Astolfi D., Castellani F., Terzi L. Fault prevention and diagnosis through SCADA temperature data analysis of an onshore wind farm. Diagnostyka, Vol. 15, Issue 2, 2014, p. 7178.

Yang W., Court R., Jiang J. Wind turbine condition monitoring by the approach of SCADA data analysis. Renewable Energy, Vol. 53, 2013, p. 365376.

Barszcz T., Strączkiewicz M. Novel intuitive hierarchical structures for condition monitoring system of wind turbines. Diagnostyka, Vol. 14, Issue 3, 2013, p. 5360.

Strączkiewicz M., Wiciak P., Jabłoński A., Barszcz T. Machinery in highly changing operations: on designation of operational states. 12th International Conference on Condition Monitoring and Machinery Failure Prevention Technologies, Oxford, UK, 2015.

Rao R. V. Advanced Modeling and Optimization of Manufacturing Processes: International Research and Development. Springer Verlag, London, 2011, p. 10.

Gayme D., Menon S., Ball C., Mukavetz D., Nwadiogby E. Fault diagnosis in gas turbine engines using fuzzy logic. IEEE International Conference on Systems, Man and Cybernetics, Vol. 4, 2003, p. 37563762.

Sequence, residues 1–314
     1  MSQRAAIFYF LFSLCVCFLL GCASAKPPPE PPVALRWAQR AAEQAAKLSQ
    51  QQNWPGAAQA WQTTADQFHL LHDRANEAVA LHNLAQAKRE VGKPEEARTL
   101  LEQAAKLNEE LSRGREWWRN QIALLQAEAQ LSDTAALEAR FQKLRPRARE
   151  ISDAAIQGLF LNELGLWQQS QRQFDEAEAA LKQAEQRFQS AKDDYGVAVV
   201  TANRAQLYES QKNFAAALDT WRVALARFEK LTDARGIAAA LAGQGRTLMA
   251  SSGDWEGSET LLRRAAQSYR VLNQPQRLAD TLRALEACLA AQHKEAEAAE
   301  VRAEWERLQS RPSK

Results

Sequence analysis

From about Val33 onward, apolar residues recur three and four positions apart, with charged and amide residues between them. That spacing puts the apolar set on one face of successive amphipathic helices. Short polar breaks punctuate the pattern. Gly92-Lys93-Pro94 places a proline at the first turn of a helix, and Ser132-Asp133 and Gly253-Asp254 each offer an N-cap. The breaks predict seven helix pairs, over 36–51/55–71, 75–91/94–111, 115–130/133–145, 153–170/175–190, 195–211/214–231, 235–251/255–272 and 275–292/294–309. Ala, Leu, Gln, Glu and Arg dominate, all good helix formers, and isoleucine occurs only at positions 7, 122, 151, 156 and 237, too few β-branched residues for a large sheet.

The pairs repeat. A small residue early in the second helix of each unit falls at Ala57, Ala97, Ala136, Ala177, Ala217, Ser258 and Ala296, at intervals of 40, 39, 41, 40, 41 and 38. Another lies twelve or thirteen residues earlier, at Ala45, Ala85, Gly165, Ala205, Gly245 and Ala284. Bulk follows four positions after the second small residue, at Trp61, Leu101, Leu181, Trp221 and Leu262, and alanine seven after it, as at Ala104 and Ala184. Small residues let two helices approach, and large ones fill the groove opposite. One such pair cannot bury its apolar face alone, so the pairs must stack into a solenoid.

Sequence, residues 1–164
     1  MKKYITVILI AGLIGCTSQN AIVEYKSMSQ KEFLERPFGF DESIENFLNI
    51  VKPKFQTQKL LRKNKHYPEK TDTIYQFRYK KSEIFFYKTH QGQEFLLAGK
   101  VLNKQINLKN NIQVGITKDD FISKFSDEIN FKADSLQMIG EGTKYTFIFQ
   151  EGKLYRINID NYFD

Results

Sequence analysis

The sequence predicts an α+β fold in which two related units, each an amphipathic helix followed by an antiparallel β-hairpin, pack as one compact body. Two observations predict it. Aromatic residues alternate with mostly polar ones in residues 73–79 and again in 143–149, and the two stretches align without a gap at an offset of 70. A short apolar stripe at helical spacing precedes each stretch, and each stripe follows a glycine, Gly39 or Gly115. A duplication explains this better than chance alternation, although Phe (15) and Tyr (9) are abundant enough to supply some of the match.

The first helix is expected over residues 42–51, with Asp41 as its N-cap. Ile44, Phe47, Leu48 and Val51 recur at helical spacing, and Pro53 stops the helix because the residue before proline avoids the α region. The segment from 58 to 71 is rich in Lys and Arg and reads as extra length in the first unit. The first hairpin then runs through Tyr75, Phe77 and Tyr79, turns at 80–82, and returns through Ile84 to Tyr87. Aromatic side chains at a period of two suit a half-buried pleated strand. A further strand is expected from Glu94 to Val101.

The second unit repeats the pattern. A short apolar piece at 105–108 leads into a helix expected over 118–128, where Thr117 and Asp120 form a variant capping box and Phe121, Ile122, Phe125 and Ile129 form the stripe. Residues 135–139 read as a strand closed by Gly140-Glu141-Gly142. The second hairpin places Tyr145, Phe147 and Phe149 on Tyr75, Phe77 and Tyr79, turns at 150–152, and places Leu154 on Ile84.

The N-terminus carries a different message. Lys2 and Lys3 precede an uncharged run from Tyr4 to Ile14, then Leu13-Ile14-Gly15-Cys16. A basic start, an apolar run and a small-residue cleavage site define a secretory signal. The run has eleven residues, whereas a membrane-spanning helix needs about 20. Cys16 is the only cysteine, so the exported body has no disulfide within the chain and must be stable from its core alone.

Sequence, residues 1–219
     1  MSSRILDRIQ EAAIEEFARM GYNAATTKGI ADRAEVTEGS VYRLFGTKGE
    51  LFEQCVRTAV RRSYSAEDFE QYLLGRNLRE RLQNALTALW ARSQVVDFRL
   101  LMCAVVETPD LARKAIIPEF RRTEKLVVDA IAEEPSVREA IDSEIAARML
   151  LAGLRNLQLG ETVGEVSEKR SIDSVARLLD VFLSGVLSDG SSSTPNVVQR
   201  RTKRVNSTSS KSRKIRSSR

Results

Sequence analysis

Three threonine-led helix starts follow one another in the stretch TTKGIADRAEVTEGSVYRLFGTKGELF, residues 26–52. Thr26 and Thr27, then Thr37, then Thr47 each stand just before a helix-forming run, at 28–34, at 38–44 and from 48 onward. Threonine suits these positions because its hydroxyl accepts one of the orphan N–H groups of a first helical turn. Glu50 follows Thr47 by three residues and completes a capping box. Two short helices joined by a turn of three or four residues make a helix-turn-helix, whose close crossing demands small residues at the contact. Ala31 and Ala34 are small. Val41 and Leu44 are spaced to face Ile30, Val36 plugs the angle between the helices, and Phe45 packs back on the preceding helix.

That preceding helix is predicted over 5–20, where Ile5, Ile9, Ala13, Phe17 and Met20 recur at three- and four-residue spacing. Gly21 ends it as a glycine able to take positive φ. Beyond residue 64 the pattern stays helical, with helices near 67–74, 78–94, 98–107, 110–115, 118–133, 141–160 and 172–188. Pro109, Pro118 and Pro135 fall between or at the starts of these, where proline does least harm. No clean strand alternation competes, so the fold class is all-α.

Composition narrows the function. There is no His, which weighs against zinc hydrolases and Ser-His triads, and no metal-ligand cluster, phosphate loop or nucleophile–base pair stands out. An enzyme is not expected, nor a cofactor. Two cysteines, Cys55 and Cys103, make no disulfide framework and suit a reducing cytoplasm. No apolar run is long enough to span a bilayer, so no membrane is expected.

Wang J., Hu H. Vibrationbased fault diagnosis of pump using fuzzy technique. Measurement, Vol. 39, 2006, p. 176185.

Jeffries M., Lai E., Plantenberg D. H., Hull J. B. A fuzzy approach to the condition monitoring of a packaging plant. Journal of Materials Processing Technology, Vol. 109, Issues 12, 2001, p. 8389.

Azadegan A., Porobic L., Ghazinoory S., Samouei P., Kheirkhan A. S. Fuzzy logic in manufacturing: a review of literature and a specialized application. International Journal of Production Economics, Vol. 132, Issue 2, 2011, p. 258270.

Rodriguez P. V. J., Arkkio A. Detection of stator winding fault in induction motor using fuzzy logic. Applied Soft Computing, Vol. 8, Issue 2, 2008, p. 11121120.

Mechefske C. K. Objective machinery fault diagnosis using fuzzy logic. Mechanical Systems and Signal Processing, Vol. 12, Issue 6, 1998, p. 855862.

Mamdani E. H., Assilian S. An experiment in linguistic synthesis with a fuzzy logic controller. International Journal of ManMachine Studies, Vol. 7, Issue 1, 1975, p. 113.